I thought about all the reasons why I was so upset: the senseless loss, empathy for his parents, concern for the impact on my son, even worry that some incidents between my son and Patrick (which I spoke to the Band Director about)  might have contributed to the suicide decision. Bottom line, I think it was just that it felt so wrong for a boy of just 17 to die like this. Thankfully, my son is a fairly good communicator – and so, finally, I talked about how I was in pain too and I asked if he had thoughts on why I was grieving even though I wasn’t close to Patrick. He was quite perceptive since he understood that I didn’t want the same thing to happen to him. But he didn’t realize how much I was identifying with Patrick’s parents, feeling at least some of their pain. And I couldn’t let things return to “normal” right away. The police officer who led the long snaking line of cars to the cemetery gave out large stickers reading “funeral” for our windshields. I kept the sticker on my console for a few weeks afterwards. It felt right to have a visible reminder of what had happened, and not to “move on” too quickly.

In the end, talking about my grief gave us a shared experience for coping with the ordeal. It also made it possible to talk about suicide in general and how, as someone I know put it: “suicide is a terrible and permanent solution to a temporary problem” – even if it doesn’t feel that way at the time.

Resources for dealing with teen suicide:

Harmful Drug Risks: What Your Teen Needs to Know

Drug abuse can be very harmful to health. We look at some of the most commonly taken illegal drugs, what they are, and how they can affect you or your teen.

CANNABIS (hash, weed, grass, skunk, marijuana)

What is cannabis?

Cannabis is a calming drug that also alters perceptions. It is seen as “natural” because it is made from the cannabis plant, but that doesn’t mean it is safe. It can be smoked, either with tobacco in a “joint” or “spliff”, or without tobacco in a “bong”. It can also be drunk as a “tea”, or eaten when mixed into biscuits or cakes.

How does cannabis make you feel?

Cannabis can make you feel relaxed and happy, but sometimes makes people feel lethargic, very anxious and paranoid, and even psychotic.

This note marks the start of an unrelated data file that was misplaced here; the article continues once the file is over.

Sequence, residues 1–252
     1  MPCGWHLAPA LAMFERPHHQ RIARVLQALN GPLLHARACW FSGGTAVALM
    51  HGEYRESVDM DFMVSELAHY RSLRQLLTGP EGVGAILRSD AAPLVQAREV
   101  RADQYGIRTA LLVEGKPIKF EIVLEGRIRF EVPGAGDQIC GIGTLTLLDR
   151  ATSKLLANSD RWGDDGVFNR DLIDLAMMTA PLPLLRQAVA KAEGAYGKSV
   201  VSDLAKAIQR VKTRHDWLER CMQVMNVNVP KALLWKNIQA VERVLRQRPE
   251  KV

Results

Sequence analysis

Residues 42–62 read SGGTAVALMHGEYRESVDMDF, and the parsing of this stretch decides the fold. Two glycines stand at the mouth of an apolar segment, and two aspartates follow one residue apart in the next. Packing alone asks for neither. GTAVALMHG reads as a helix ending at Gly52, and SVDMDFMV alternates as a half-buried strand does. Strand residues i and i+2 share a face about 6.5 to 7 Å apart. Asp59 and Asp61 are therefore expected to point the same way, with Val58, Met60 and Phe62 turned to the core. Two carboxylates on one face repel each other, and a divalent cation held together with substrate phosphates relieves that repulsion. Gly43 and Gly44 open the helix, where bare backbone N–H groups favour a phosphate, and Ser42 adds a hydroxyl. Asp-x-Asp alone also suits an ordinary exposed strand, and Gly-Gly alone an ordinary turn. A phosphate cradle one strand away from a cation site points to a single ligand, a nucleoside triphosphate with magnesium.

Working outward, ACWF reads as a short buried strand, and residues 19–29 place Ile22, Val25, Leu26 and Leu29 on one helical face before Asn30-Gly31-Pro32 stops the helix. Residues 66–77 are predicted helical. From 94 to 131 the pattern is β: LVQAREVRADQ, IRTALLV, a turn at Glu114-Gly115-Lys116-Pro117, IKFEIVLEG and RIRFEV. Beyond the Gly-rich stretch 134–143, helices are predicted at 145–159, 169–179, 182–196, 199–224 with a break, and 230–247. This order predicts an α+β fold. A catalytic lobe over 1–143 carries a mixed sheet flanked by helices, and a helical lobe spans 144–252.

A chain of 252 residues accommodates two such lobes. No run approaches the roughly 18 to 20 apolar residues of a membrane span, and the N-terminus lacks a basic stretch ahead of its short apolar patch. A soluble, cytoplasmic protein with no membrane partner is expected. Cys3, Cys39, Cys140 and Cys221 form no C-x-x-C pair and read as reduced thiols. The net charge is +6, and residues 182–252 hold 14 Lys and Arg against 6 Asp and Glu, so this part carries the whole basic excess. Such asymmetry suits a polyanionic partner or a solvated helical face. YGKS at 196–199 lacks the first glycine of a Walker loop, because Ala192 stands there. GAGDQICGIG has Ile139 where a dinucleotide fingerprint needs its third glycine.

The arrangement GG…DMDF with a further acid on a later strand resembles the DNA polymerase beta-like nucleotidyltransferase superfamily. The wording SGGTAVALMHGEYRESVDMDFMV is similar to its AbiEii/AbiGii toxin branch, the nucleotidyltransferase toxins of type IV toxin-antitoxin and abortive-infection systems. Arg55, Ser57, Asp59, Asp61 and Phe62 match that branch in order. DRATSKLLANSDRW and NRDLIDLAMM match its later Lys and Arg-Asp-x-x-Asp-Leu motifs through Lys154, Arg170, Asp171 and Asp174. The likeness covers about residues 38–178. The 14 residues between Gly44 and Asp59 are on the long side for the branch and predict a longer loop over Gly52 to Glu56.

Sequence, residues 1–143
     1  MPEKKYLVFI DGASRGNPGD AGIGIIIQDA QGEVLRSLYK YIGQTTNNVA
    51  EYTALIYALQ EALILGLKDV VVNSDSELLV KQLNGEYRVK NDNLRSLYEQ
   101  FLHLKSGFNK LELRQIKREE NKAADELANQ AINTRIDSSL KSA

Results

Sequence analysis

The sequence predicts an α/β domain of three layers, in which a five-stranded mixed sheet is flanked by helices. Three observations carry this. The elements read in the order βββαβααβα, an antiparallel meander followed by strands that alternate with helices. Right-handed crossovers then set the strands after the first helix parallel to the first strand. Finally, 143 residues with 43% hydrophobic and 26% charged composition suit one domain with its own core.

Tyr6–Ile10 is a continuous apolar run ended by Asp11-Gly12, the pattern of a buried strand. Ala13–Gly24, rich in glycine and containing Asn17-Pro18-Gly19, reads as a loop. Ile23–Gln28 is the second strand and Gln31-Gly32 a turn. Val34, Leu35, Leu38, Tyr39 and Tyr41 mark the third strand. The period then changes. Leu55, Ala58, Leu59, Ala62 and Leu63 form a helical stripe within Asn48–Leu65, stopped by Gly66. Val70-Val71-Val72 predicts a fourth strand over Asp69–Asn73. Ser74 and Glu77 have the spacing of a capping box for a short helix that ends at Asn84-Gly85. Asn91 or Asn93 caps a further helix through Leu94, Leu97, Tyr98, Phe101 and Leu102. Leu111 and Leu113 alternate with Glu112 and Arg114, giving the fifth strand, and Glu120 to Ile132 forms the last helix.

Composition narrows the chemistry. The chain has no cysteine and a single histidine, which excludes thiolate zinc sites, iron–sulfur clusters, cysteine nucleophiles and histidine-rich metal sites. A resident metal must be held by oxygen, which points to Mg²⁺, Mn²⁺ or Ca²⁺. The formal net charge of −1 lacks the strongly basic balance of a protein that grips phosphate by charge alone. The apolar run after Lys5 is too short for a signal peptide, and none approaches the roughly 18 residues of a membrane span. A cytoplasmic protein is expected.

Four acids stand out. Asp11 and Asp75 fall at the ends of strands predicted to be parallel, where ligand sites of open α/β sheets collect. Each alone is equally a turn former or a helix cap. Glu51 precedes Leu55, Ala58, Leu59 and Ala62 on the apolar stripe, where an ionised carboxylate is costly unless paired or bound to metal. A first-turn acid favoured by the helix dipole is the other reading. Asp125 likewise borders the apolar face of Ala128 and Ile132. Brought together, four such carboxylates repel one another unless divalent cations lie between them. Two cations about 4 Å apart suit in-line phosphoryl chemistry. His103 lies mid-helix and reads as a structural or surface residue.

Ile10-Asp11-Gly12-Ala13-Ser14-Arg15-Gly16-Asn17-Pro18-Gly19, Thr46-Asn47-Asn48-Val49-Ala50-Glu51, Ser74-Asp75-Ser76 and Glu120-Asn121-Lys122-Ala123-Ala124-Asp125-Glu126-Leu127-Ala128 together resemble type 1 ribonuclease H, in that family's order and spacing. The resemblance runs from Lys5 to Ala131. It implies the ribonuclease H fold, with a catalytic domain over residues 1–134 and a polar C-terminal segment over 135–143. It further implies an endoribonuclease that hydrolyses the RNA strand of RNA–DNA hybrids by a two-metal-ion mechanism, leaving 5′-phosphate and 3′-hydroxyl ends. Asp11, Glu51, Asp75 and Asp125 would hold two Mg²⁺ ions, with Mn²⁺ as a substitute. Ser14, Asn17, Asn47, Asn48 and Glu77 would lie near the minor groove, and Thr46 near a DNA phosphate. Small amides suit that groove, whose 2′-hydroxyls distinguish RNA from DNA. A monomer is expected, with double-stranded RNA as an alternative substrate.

Teens and Drug RisksHow does cannabis affect your health?

Cannabis has been linked to mental health problems such as schizophrenia, and, when smoked, to lung diseases including asthma. Cannabis affects how your brain works, so regular use can make concentration and learning very difficult. Frequent use can have a negative effect on your fertility. It is also dangerous to drive after taking cannabis. Mixing it with tobacco is likely to increase the risk of heart disease and lung cancer.

Can cannabis be addictive?

Yes, it is possible to become psychologically dependent on cannabis. And some people do experience withdrawal symptoms when they stop taking it. For information about coming off drugs, go to Drugs: getting help. You can also get help cutting down from the FRANK website.

COCAINE (powder cocaine, coke, crack)

What is cocaine?

Powder cocaine (coke), freebase and crack are all types of cocaine, and all are powerful stimulants. Freebase and crack can be smoked, and powder cocaine can be snorted in lines. Both cocaine powder and crack can also be prepared for injecting.

How does cocaine make you feel?

Cocaine gives the user energy, a feeling of happiness and being wide awake, and an over-confidence that can lead to taking risks. The effects are short-lived, so more drug is taken, which is often followed by a nasty “comedown” that makes you feel depressed and unwell, sometimes for several days.

How does cocaine affect your health?

If you take cocaine, it is possible to die of an overdose from overstimulating the heart and nervous system, which can lead to a heart attack. Taking cocaine is particularly risky if you have high blood pressure or already have a heart condition. If you’re pregnant, cocaine can harm your baby and even cause miscarriage. If you’ve had previous mental health problems, it can increase the chance of these returning. If you snort cocaine, it can damage the cartilage of your nose over time. If you inject it, you are at higher risk of dying due to an overdose, and your veins and body tissues can be seriously damaged. If you share needles, you put yourself at risk of catching HIV or viral hepatitis.

Can cocaine be addictive?

Yes, cocaine is highly addictive and can cause a very strong psychological dependence. For advice on getting help for a cocaine addiction, go to Cocaine: get help. The Cocaine Anonymous website also offers further advice.

MEPHEDRONE (meow meow, miaow miaow, meph)

What is mephedrone?

Mephedrone is a strong amphetamine-like stimulant with some effects that are similar to ecstasy. It was once available to buy on the internet as a “legal” alternative to drugs such as speed or ecstasy. Mephedrone, and other cathinones like it, are now Class B drugs that are illegal to possess or supply to others. Mephedrone is a fine white or off-white powder that is usually snorted or swallowed wrapped in paper. It is also sometimes injected.

How does mephedrone make you feel?

It can make you feel awake, confident and happy. But it can also make you feel paranoid and anxious. It causes vomiting and headaches in some users.

How does mephedrone affect your health?

Mephedrone can overstimulate your heart and nervous system. It can cause periods of insomnia, and its use can lead to fits and to agitated and hallucinatory states. It has been identified as the cause of a number of deaths.

ECSTASY (MDMA, pills, crystal, E)

What is ecstasy?

Ecstasy is a “psychedelic” stimulant drug usually sold in tablet form, but is sometimes dabbed on to gums or snorted in its powder form. It is also known as MDMA or “crystal”.

How does ecstasy make you feel?

Ecstasy can make you feel alert, affectionate and chatty, and it can make music and colours seem more intense. Taking ecstasy can also cause anxiety, confusion, paranoia and even psychosis.